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Poverty and Teen Pregnancy

Throughout the developed world, teenage pregnancy is more common among young people who have been disadvantaged in childhood and have low expectations of education or the job market.  The literature shows that youth living in poverty have a teen pregnancy rate which is five times the average [1]. Socio-economic circumstances seem to play a major role in rates of teen pregnancy. There may be a growing “lost generation“ of young people who see no reason not to get pregnant. For some disadvantaged youth, particularly for girls whose self esteem tends to drop as they mature, sexuality may be all they have to value. Lack of opportunity and hope for the future, have been identified as a driving force behind high rates of teen pregnancy in Canada. Children of teenage parents are more likely to have problems and to eventually become teenage parents themselves, thus perpetuating the cycle of poverty begun by a teenage birth [2].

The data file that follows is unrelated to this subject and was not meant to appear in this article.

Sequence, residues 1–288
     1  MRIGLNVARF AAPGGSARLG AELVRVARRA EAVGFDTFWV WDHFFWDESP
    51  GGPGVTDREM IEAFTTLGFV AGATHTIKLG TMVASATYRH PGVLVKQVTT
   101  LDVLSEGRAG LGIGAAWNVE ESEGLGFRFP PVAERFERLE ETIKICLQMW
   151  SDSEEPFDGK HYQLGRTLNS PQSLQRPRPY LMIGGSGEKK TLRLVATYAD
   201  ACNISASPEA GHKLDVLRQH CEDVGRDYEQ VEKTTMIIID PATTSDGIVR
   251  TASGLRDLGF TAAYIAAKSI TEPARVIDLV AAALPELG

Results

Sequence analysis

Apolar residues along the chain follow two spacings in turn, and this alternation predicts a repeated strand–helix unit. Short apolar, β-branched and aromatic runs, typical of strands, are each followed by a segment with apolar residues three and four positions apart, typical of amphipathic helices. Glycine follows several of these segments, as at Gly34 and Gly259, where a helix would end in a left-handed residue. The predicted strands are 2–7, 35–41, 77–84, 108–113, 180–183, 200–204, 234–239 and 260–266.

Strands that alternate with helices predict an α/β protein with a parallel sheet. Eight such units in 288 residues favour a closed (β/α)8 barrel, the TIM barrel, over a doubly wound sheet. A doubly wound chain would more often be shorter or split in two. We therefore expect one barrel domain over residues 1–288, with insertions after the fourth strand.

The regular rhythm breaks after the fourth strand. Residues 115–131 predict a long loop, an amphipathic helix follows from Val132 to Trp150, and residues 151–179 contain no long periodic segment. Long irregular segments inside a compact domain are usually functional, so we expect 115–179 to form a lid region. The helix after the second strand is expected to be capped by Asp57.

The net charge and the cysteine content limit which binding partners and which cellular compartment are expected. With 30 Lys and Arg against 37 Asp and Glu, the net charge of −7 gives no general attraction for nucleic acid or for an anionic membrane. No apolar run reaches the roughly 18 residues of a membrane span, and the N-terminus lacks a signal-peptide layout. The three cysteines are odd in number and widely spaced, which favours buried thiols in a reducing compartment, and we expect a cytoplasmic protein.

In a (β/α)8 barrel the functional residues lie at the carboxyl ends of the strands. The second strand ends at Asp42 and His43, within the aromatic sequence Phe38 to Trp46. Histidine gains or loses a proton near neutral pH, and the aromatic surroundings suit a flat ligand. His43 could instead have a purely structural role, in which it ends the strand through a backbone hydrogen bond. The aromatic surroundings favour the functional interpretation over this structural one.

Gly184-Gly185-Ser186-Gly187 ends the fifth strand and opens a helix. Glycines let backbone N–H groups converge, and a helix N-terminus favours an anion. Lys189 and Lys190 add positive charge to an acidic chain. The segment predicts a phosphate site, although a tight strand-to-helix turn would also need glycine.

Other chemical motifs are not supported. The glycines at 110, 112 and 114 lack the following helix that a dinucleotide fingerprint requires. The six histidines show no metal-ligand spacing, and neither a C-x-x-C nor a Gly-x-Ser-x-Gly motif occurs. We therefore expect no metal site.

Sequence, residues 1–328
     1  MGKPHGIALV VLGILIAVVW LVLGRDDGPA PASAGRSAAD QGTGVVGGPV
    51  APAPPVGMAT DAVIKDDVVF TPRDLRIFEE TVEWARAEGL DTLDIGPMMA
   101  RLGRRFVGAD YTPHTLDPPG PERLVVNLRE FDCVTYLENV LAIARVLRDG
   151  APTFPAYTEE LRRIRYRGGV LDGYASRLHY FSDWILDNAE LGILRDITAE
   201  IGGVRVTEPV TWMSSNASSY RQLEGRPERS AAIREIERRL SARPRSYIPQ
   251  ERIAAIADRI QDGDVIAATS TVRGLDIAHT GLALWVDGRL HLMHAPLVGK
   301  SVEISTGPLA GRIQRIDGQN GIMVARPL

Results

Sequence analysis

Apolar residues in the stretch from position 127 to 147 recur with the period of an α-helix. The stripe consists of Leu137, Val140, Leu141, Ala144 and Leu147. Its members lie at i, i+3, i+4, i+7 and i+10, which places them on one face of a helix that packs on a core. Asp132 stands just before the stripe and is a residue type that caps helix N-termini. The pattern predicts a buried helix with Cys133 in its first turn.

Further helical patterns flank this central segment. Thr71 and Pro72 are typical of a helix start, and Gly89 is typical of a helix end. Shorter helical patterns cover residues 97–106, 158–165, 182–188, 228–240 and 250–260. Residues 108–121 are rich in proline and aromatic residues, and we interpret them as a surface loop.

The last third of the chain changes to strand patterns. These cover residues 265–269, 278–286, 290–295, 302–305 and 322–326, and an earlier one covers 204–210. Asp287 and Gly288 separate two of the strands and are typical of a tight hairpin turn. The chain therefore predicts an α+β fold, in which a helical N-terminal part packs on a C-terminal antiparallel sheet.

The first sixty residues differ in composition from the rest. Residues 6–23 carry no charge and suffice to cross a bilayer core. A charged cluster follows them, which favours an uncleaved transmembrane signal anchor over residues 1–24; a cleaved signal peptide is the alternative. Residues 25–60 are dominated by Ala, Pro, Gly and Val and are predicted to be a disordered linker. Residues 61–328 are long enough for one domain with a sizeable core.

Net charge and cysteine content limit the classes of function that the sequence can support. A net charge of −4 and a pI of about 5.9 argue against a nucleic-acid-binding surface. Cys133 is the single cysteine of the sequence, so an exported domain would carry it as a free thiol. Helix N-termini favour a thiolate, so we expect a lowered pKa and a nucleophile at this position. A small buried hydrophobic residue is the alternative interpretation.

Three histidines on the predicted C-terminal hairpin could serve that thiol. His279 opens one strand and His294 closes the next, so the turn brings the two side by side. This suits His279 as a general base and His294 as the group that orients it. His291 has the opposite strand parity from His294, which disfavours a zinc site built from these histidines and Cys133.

Source: Health Canada website and Media Photo Gallery, Health Canada, Reproduced with the permission of the Minister of Public Works and Government Services Canada, 2006.

And things are getting worse

Young women from low income families are getting pregnant at a higher rate than those from middle and upper income families. Poverty rates among youth living in large urban centers rose substantially between 1990 and 1995 [3]. Social researchers have noted a growing “underclass“ in Canada comprised of individuals who have less and less access to economic security and opportunity. The Canadian Council on Social Development also reports growing income disparities between the poorest and the richest in Canada [2].


1. Stonehocker, Diane. “Bonnyville Teen Pregnancy Research Report” prepared for Bonnyville Healthy Babies Program and Lakeland Regional Health Authorities, Bonnyville, Alberta, Junne 1997.

2. Pro-Action, Postponement, and Preparation/Support. A Framework for Action to Reduce the Rate of Teen Pregnancy in Canada. Prepared for the CAPC/CPNP National Projects Fund Health Canada. Retrieved August 2005 from

3. National Campaign to Prevent Teen Pregnancies, Press Release (August 8, 2000)

All references for this section